first_imgIf you find people watching oddly compelling, you’re not alone. A new study suggests that gregarious European starlings (Sturnus vulgaris) get a kick out of looking at their fellow birds, even if it’s just on a computer screen. Researchers took 10 captive starlings from their flock and isolated them for 4 days in a cage with plenty of food and water and a large flat-screen monitor. Most of the birds quickly discovered that poking their beaks into one sensor in the cage flashed a life-size photograph of an unknown starling onto the screen, while a second sensor produced a picture of a suburban landscape. The lonely birds seemed to enjoy looking at other starlings, the researchers found. On average, they triggered a new starling photo every 6 minutes, 7 hours a day, for 4 days. They only threw in a landscape every 20 minutes or so. It wasn’t just that the landscapes were boring. Given the choice between photos of starlings and photos of monkeys, a second group of five birds also pecked to view their own kind three times more often. The results suggest starlings have a natural yearning for social stimulation, the authors report online this month in Animal Cognition. In the future, starlings’ drive to view photos of one another could be used to study the social rewards that knit communities together.last_img read more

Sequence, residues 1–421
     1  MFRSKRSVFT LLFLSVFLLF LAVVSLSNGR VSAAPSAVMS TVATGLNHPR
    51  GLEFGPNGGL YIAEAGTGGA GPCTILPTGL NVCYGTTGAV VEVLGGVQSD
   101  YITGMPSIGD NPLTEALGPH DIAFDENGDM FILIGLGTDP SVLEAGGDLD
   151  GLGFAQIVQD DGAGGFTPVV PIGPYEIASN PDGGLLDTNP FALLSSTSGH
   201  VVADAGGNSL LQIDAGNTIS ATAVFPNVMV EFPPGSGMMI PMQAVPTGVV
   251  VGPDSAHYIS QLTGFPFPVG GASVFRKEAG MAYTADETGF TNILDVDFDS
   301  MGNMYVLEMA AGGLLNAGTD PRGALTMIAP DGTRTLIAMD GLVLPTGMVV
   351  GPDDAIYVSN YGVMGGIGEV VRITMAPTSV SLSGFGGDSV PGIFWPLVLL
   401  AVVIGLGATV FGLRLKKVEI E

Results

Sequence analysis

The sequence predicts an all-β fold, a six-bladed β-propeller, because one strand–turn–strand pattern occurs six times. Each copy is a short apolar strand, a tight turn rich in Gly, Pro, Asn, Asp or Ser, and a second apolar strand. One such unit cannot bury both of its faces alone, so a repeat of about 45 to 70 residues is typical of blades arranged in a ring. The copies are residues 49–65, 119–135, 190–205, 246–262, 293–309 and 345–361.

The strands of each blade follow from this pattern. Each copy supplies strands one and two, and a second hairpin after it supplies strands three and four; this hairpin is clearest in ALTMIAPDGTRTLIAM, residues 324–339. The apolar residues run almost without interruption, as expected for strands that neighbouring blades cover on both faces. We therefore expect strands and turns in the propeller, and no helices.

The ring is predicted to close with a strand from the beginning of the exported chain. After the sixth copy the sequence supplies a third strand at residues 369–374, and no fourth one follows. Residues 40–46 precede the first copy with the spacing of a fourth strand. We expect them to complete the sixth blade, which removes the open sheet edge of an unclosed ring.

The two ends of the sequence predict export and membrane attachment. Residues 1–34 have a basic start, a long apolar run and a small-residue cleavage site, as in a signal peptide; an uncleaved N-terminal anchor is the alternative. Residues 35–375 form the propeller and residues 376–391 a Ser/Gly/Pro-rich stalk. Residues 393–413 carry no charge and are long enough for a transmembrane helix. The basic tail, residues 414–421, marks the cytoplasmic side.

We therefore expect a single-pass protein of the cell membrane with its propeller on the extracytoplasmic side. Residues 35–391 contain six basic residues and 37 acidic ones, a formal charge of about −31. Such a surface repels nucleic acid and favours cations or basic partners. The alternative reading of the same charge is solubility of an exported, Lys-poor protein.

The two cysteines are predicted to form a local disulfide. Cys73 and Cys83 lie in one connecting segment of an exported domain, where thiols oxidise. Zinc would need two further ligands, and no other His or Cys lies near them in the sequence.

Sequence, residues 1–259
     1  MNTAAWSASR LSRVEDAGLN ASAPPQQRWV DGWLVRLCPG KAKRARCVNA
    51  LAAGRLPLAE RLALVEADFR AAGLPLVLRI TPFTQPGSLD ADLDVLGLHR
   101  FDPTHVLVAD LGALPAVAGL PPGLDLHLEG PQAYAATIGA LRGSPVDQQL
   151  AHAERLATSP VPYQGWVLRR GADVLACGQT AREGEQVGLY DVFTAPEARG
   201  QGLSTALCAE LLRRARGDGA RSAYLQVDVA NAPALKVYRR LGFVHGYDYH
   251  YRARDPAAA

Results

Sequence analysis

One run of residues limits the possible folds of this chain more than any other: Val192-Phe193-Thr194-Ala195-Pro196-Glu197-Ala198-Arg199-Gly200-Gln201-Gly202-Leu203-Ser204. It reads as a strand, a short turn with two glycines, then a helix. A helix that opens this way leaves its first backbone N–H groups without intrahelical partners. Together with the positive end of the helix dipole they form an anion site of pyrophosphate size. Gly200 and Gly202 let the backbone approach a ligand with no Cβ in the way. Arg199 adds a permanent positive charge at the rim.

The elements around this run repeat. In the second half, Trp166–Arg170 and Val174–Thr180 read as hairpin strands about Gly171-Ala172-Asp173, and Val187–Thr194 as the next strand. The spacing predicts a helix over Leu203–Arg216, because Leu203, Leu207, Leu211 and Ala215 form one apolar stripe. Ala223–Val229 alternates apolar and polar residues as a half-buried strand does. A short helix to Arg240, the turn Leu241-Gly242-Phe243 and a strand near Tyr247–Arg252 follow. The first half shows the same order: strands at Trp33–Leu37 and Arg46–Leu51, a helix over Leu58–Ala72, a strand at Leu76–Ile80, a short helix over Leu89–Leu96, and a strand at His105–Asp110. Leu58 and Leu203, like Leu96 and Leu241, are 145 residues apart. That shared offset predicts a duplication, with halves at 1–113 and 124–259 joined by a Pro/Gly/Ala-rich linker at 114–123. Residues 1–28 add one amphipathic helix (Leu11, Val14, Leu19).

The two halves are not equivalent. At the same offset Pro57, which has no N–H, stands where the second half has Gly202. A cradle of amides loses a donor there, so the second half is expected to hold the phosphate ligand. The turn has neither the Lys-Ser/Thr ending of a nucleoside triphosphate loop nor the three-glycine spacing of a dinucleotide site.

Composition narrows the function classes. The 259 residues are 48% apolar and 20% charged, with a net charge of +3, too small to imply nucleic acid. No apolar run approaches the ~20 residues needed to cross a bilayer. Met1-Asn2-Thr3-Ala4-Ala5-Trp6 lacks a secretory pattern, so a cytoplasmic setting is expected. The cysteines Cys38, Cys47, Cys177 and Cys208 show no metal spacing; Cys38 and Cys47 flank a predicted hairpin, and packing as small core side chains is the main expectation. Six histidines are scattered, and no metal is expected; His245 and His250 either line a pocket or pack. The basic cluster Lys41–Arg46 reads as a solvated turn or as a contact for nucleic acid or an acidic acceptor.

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Top stories Supercharging renewable energy Babylonian calculus and the bizarre fish of